But now that my girls are hurtling towards the end of their school years, I do wonder about earning some serious money again. If for nothing else than to pay for Yr12 formals, post-school mission trips and perhaps in the future, a couple of weddings. And then there’s the mortgage, which is just not going away on our ‘one-and-a-bit’ income. And I wonder about my so-called career.

I have been earning money, and these days have a decent part-time income for the relatively few hours I put in.  I’ve had piano students nearly every year since 1989, only taking a couple of years off when I had babies. I’ve taught recorder classes for Yr2-3 kids for nine years or so. I’ve run craft classes and sold Tupperware, (although they didn’t turn out to be as lucrative as I had hoped). I’ve led adult bible study groups for years. And I’ve learnt valuable skills as I undertook each of those endeavours.

Fiona 2014

My patchwork of part-time experiences doesn’t present so well on a resume these days, however. “17 years full-time childrearing” doesn’t count for much, even for teachers. Those 17 years have been life-changing for me, giving me confidence, wisdom and more knowledge of child development and discipline than can be found in any textbook. But when I’m searching for work, those years don’t compare with 17 years full-time teaching. And methods, ideals, objectives, syllabuses and technology have all changed since I last taught a high school music class back in 1997, I’ve missed a lot. In fact, the Dept of Ed won’t even let me apply for Music Teacher jobs, since I’ve been out of that position for over 5 years. (They will, however, let me teach any subject and any age group as a Casual Teacher, which doesn’t make sense to me at all.)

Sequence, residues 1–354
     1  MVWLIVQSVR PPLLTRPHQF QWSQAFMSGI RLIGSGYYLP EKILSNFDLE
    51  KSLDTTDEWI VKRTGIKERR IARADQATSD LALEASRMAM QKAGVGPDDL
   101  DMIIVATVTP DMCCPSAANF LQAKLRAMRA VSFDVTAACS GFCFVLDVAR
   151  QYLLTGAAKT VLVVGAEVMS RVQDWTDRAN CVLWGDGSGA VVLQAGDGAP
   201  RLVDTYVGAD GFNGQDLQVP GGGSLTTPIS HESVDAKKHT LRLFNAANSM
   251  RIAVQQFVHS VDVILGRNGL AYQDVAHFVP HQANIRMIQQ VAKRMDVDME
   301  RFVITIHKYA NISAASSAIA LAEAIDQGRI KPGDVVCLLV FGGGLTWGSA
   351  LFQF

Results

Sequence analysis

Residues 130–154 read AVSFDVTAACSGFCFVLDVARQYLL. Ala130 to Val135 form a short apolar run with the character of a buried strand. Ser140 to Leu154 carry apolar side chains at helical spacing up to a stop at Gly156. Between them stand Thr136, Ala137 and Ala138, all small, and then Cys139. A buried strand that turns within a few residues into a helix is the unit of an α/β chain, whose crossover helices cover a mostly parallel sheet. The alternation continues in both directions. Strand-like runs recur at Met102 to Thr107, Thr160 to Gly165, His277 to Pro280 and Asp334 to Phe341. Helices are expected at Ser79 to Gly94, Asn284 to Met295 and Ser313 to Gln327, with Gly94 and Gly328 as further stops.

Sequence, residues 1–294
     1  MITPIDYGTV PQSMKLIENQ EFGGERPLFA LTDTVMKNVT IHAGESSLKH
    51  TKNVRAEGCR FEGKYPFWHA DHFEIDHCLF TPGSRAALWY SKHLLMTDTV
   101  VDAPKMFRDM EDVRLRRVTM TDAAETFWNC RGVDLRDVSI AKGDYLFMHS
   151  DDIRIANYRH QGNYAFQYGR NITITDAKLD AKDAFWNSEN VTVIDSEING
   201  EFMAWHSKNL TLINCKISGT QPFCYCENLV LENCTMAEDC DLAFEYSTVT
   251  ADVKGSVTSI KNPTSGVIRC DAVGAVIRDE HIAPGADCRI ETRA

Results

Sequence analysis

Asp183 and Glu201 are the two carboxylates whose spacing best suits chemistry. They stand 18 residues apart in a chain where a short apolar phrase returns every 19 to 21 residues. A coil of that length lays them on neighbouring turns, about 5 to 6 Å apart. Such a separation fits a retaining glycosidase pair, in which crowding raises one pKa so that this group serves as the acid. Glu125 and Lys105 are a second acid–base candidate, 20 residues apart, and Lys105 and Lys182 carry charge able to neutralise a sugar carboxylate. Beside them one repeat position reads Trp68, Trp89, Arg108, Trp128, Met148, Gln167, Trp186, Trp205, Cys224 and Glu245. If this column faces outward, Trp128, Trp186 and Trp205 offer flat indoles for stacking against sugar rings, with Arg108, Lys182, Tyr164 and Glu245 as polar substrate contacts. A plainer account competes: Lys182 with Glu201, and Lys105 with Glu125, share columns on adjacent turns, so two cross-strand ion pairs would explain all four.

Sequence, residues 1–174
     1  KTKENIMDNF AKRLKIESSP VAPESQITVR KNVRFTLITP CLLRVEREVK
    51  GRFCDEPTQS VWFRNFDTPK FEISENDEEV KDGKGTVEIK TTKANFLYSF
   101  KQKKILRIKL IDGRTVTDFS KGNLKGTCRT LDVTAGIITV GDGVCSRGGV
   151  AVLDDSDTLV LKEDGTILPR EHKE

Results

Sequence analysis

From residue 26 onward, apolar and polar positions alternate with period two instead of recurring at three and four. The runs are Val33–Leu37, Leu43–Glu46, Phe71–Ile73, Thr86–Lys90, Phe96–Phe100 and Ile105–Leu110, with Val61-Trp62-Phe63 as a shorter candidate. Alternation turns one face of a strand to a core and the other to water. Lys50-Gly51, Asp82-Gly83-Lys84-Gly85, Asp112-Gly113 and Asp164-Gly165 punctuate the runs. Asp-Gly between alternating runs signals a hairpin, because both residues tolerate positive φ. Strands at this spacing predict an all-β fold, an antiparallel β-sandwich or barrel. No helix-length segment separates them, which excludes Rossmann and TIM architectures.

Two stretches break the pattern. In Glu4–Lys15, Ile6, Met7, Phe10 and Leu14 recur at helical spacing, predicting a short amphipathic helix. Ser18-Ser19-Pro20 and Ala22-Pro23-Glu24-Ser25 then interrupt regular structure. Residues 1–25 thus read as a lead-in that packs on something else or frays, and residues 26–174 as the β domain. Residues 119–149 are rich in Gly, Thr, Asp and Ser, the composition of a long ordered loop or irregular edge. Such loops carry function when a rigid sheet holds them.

So, I wander in a middle land. Where I feel like a schoolteacher but am not one, where I wait for the phone to ring for a day’s teaching and mostly it just doesn’t ring. Unable to get more experience without more teaching, but unable to get teaching because I haven’t got the right experience.

I’m not sure where this is all headed. If I’m not going to teach in schools (more than just a random day here and there), I feel like I need some other direction from God. Or perhaps I will teach again, but not just yet. In the meantime, I probably need to give up dreams of having that great “career” where I’m a brilliant primary or music teacher, because there’s limited time on earth to do and be all things.

A person’s days are determined;
    you have decreed the number of his months
    and have set limits he cannot exceed.(Job 14:5)

Don’t get me wrong, I  love my life, – what I get to do, where I’ve been at various stages, the people in my life, and the day-to-day events and responsibilities. I’m oh, so thankful that my husband has selflessly worked in his career to support us all these years. I like my mix of work and fellowship and home. But now and then my horizon opens a little and I wonder “What if ..?”

I can’t help remembering Kathleen Kelly’s words in You’ve Got Mail:

Sometimes I wonder about my life. I lead a small life – well, valuable, but small – and sometimes I wonder, do I do it because I like it, or because I haven’t been brave?